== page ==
Swimming Pools Swell Statistics, Spring: All Swell – Any Wind
The graph illustrates the combination of swells directed at Swimming Pools through a typical northern hemisphere spring, based on 5140 NWW3 model predictions since 2007 (values every 3 hours). The wave model does not forecast wind and surf right at the coast so we have chosen the most applicable grid node based on what we know about Swimming Pools. In this particular case the best grid node is 64 km away (40 miles).
The rose diagram illustrates the distribution of swell sizes and directions, while the graph at the bottom shows the same thing without direction information. Five colours represent increasing wave sizes. Very small swells of less than 0.5m (1.5 feet) high are shown in blue. These happened only 89% of the time. Green and yellow illustrate increasing swell sizes and red illustrates the largest swells, greater than >3m (>10ft). In both graphs, the area of any colour is proportional to how commonly that size swell occurs.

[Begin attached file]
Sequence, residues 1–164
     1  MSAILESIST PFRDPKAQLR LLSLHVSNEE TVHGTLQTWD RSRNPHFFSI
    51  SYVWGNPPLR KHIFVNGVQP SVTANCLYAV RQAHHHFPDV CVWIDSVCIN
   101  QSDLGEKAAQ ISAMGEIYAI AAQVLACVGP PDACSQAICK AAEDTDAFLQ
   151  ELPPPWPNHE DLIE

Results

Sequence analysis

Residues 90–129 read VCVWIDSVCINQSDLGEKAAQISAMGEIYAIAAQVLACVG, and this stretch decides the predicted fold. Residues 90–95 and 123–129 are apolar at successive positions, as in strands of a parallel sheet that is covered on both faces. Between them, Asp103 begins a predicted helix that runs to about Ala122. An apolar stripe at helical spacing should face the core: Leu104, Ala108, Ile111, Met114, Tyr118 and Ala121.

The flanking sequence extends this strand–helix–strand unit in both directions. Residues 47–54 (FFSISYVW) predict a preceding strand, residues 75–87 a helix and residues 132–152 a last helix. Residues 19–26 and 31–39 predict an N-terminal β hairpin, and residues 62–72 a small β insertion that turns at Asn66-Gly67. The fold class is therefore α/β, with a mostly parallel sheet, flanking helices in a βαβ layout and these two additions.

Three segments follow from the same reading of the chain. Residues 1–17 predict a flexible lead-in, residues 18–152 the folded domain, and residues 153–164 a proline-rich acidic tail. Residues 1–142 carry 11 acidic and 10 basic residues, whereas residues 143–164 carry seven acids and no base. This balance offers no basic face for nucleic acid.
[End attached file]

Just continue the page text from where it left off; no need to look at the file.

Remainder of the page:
The diagram implies that the dominant swell direction, shown by the largest spokes, was W, whereas the the most common wind blows from the NNW. Because the wave model grid is away from the coast, sometimes a strong offshore wind blows largest waves away from Swimming Pools and out to sea. We lump these in with the no surf category of the bar chart. To avoid confusion we don't show these in the rose plot. Because wind determines whether or not waves are surfable at Swimming Pools, you can load a different image that shows only the swells that were expected to coincide with glassy or offshore wind conditions. Over an average northern hemisphere spring, swells large enough to cause good for surfing waves at Swimming Pools run for about 7% of the time.
IMPORTANT: Beta version feature! Swell heights are open water values from NWW3. There is no attempt to model near-shore effects. Coastal wave heights will generally be less, especially if the break does not have unobstructed exposure to the open ocean.